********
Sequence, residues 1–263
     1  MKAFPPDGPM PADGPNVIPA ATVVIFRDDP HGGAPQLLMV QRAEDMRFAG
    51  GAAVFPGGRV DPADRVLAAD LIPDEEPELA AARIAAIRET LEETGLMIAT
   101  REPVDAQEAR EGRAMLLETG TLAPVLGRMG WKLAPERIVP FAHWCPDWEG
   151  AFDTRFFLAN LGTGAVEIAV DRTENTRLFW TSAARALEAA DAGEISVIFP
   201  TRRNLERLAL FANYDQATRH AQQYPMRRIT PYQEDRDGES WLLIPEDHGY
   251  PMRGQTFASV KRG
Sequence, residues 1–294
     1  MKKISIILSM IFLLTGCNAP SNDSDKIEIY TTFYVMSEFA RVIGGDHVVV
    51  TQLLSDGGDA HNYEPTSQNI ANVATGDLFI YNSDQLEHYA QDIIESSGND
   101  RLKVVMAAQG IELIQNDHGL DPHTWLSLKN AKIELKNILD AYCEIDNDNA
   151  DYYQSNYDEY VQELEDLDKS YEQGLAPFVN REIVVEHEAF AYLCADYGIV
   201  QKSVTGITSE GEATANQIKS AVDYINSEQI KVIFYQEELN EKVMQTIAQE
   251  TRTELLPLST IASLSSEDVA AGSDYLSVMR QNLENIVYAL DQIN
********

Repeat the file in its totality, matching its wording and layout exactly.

Sequence, residues 1–263
     1  MKAFPPDGPM PADGPNVIPA ATVVIFRDDP HGGAPQLLMV QRAEDMRFAG
    51  GAAVFPGGRV DPADRVLAAD LIPDEEPELA AARIAAIRET LEETGLMIAT
   101  REPVDAQEAR EGRAMLLETG TLAPVLGRMG WKLAPERIVP FAHWCPDWEG
   151  AFDTRFFLAN LGTGAVEIAV DRTENTRLFW TSAARALEAA DAGEISVIFP
   201  TRRNLERLAL FANYDQATRH AQQYPMRRIT PYQEDRDGES WLLIPEDHGY
   251  PMRGQTFASV KRG
Sequence, residues 1–294
     1  MKKISIILSM IFLLTGCNAP SNDSDKIEIY TTFYVMSEFA RVIGGDHVVV
    51  TQLLSDGGDA HNYEPTSQNI ANVATGDLFI YNSDQLEHYA QDIIESSGND
   101  RLKVVMAAQG IELIQNDHGL DPHTWLSLKN AKIELKNILD AYCEIDNDNA
   151  DYYQSNYDEY VQELEDLDKS YEQGLAPFVN REIVVEHEAF AYLCADYGIV
   201  QKSVTGITSE GEATANQIKS AVDYINSEQI KVIFYQEELN EKVMQTIAQE
   251  TRTELLPLST IASLSSEDVA AGSDYLSVMR QNLENIVYAL DQIN